Invoking the reciprocity relation for the gamma function
(1.8)Γ(s)sinπs=πΓ(1-s),
it is natural to consider the integrals of logΓ(α+t) or of multiple gamma functions Γr (cf., e.g., [4, 5]). Barnes’ theorem [6, page 283] reads
(1.9)∫0alogΓ(α+t)dt=-logG(α+a)G(α)-(1-α)logΓ(α+a)Γ(α)+alogΓ(α+a)-12a2+12(log2π+1-2α)a
valid for nonintegral values of a.

In this paper, motivated by the above, we proceed in another direction to developing some generalizations of the above integrals considered by Srivastava and Choi [7]. For q-analogues of the results, compare the recent book of the same authors [8]. Our main result is Theorem 2.1 which gives a closed form for ∫0alogΓ(1-t)dt and locates its genesis. A slight modification of Theorem 2.1 gives the counterpart of Barnes’ formula (1.9) which reads.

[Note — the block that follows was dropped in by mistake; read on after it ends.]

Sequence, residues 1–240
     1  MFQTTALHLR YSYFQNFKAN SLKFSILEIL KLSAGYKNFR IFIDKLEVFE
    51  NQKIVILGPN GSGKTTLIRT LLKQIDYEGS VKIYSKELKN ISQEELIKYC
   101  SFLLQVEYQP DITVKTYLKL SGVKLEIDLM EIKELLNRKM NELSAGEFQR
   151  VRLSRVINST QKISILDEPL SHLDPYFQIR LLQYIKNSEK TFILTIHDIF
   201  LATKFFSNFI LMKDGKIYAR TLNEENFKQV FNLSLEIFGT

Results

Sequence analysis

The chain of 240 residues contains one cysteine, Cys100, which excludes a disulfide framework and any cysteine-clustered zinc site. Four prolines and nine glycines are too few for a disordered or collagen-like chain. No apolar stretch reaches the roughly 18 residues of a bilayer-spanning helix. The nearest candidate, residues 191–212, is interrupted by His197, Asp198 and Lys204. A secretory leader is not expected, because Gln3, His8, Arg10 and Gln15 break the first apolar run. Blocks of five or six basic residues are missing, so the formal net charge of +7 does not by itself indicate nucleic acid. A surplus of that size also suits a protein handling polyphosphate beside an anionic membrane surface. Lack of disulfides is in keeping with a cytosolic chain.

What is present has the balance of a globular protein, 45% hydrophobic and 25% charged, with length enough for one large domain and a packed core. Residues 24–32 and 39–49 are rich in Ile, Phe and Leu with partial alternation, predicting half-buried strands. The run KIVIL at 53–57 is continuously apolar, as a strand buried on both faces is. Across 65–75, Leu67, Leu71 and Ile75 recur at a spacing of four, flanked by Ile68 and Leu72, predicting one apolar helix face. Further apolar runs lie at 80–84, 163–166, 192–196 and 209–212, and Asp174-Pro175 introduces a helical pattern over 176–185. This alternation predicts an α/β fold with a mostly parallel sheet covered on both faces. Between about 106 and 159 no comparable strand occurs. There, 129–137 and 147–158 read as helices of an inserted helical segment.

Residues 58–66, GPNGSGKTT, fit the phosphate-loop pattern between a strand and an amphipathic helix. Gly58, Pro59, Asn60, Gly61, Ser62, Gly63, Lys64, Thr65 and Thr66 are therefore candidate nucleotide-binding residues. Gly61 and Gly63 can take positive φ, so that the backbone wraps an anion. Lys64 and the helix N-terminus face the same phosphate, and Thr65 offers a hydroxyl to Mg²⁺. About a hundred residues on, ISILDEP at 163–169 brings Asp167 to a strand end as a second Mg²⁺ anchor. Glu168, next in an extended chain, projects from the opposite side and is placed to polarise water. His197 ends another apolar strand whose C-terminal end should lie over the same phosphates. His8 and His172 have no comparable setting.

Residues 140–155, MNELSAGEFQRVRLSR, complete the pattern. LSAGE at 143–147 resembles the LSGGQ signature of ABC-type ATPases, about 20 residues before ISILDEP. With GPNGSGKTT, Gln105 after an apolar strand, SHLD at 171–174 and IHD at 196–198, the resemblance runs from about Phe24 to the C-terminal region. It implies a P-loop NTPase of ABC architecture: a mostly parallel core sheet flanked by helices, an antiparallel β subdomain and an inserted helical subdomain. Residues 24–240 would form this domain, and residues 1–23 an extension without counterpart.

Corollary 1.1.

Except for integral values of a, one has
(1.10)∫0alogΓ(α-t)dt=logG(α-a)G(α)+(1-α)logΓ(α-a)Γ(α)+alogΓ(α-a)+12a2+12(log2π+1-2α)a.

Srivastava and Choi introduced two functions logA1/a and logC1/a by (2.9) and (2.9) with formal replacement of 1/a by -1/a, respectively. They state C1/a=A-1/a, which is rather ambiguous as to how we interpret the meaning because (2.9) is defined for a>0 [7, page 347, l.11]. They use this C1/a function to express the integral ∫0alogΓ(1-t)dt, without giving proof. This being the case, it may be of interest to locate the integral of logΓ(1-t) [7, (13), page 349], thereby logC1/a [7, page 347].

For this purpose we use a more fundamental function A(a) than A1/a defined by
(1.11)logA(a)=-ζ′(-1,a)+112,
where ζ(s,a) is the Hurwitz zeta-function
(1.12)ζ(s,a)=∑n=0∞1(n+a)s,Res=σ>1
in the first instance. For its theory, compare, for instance, [3], [9, Chapter 3].

We shall prove the following corollary which gives the right interpretation of the function C1/a.